Five people died in Utah mine accidents in 1988, a year during which the United States reported a record low number of mine fatalities, according to a report from the U.S. Labor Department's Mine Safety and Health Administration.
Three people died in Utah coal mining accidents last year, and two died in metal and non-metal mine accidents. The five fatalities were the most for any state in the six-state Rocky Mountain Region, which had a combined total of 11 mine fatalities in 1988.The 11 mine fatalities for the region were higher than the eight mine-related deaths in 1987 and the 10 deaths in 1986, the report said.
Nationwide, there were 100 fatalities last year, a decline from the 130 mining deaths in 1987, and the lowest annual number since records started being kept in 1911. The previous low number of deaths was 125 in 1986.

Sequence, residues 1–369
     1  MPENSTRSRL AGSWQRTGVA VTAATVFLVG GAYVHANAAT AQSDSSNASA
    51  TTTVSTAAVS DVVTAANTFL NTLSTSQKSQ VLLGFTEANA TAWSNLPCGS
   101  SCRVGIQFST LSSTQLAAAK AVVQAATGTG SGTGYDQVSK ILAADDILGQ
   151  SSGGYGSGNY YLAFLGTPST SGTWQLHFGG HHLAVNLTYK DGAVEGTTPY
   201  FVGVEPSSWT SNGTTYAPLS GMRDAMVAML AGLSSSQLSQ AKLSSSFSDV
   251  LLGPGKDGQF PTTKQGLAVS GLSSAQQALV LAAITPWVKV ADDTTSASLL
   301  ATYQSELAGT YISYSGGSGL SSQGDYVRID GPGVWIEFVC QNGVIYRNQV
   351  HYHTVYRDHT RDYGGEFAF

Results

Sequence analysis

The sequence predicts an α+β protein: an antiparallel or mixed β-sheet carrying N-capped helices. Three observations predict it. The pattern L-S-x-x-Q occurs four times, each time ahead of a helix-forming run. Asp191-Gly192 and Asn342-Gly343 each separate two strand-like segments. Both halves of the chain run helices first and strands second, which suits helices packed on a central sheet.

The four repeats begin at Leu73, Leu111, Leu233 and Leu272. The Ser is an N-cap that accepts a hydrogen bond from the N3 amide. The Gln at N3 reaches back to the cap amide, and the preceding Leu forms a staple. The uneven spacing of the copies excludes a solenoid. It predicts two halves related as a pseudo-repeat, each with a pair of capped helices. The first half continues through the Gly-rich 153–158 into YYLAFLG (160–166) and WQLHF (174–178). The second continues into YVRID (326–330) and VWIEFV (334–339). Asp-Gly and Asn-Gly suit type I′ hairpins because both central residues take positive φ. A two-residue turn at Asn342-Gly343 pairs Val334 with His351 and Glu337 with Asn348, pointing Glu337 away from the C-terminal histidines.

Of the 100 deaths nationally, 52 were in coal mines, a record low number and a decline from the 1987 total of 63. The other 48 fatalities were in metal and non-metal mines, one fewer than the previous low of 49 in 1986.
Administration officials said the main factor in decreasing the number of mine deaths was a sharp decline in underground coal mine fatalities due to falling roof rock. Historically, roof falls have been the single most frequent cause of fatal accidents in U.S. coal mines.
The dramatic decline in roof fall accidents may be partly due to adoption of automated temporary roof supports in underground coal mines. New MSHA regulations that became effective a year ago require the roof support systems using roof bolts mandatory in nearly all roof bolting operations.